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Simple plan


No advice needed

My first exposure to autism occurred during my first job out of college. One of my colleague’s grade-school sons was autistic.

On all fronts my colleague was a great mother who loved her children very much. When she and I talked, the conversation usually turned to her autistic son, the triumphs they had experienced and the challenges they faced.

She knew a lot about autism from independent, yet in-depth, research and regularly shared such information with anyone who would listen. Like a scientist bent on finding a cure, she came to work some days excited by her latest discovery or emotionally spent because of a perceived setback. Admittedly, whenever she appeared to be tired, cranky or frustrated, I avoided her figuring I did not have much to offer by way of an intelligent conversation about autism.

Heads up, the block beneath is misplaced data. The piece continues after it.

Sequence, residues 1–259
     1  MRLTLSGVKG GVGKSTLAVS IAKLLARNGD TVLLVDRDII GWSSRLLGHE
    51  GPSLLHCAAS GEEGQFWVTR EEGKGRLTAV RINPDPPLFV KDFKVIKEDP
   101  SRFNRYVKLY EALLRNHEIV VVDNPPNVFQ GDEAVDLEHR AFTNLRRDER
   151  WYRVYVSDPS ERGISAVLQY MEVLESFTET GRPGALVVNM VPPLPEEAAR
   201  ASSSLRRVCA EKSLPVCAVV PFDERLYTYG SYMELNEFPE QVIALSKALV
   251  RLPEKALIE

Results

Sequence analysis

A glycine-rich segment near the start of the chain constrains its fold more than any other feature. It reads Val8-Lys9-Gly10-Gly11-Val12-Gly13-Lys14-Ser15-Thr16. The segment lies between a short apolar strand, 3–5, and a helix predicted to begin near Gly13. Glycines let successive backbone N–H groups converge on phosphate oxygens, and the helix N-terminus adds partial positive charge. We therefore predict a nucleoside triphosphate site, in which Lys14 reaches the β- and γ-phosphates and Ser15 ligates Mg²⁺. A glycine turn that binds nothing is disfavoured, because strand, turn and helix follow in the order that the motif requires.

Looking back now — 15 years later — I probably shouldn’t have worried so much about that.

Instead, I should have just listened, told her I was sure she was doing her best, and that I would pray God would continue to give her wisdom and strength as she and her family moved forward.

Like most people who are struggling with something, she did not need advice; she needed a friend.

Know any people like that?

If so, do they know you’re willing to listen?

Kirk Noonan

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